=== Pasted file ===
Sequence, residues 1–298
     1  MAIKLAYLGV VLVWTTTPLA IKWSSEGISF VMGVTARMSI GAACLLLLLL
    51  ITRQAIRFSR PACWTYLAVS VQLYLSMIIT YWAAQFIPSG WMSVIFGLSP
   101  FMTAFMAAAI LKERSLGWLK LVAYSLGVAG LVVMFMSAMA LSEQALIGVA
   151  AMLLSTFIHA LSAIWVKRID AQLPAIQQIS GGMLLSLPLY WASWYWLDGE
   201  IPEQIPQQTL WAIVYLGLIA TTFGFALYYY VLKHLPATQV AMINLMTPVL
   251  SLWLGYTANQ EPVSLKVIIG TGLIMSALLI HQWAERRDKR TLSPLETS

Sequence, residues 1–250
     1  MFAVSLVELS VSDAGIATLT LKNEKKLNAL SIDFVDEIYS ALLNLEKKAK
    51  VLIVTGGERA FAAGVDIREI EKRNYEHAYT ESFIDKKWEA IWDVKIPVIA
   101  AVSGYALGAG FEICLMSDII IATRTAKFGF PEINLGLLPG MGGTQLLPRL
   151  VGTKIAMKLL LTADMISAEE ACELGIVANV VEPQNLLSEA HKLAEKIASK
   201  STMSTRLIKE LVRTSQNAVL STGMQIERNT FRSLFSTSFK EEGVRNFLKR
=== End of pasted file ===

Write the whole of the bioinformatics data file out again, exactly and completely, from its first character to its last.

Sequence, residues 1–298
     1  MAIKLAYLGV VLVWTTTPLA IKWSSEGISF VMGVTARMSI GAACLLLLLL
    51  ITRQAIRFSR PACWTYLAVS VQLYLSMIIT YWAAQFIPSG WMSVIFGLSP
   101  FMTAFMAAAI LKERSLGWLK LVAYSLGVAG LVVMFMSAMA LSEQALIGVA
   151  AMLLSTFIHA LSAIWVKRID AQLPAIQQIS GGMLLSLPLY WASWYWLDGE
   201  IPEQIPQQTL WAIVYLGLIA TTFGFALYYY VLKHLPATQV AMINLMTPVL
   251  SLWLGYTANQ EPVSLKVIIG TGLIMSALLI HQWAERRDKR TLSPLETS

Sequence, residues 1–250
     1  MFAVSLVELS VSDAGIATLT LKNEKKLNAL SIDFVDEIYS ALLNLEKKAK
    51  VLIVTGGERA FAAGVDIREI EKRNYEHAYT ESFIDKKWEA IWDVKIPVIA
   101  AVSGYALGAG FEICLMSDII IATRTAKFGF PEINLGLLPG MGGTQLLPRL
   151  VGTKIAMKLL LTADMISAEE ACELGIVANV VEPQNLLSEA HKLAEKIASK
   201  STMSTRLIKE LVRTSQNAVL STGMQIERNT FRSLFSTSFK EEGVRNFLKR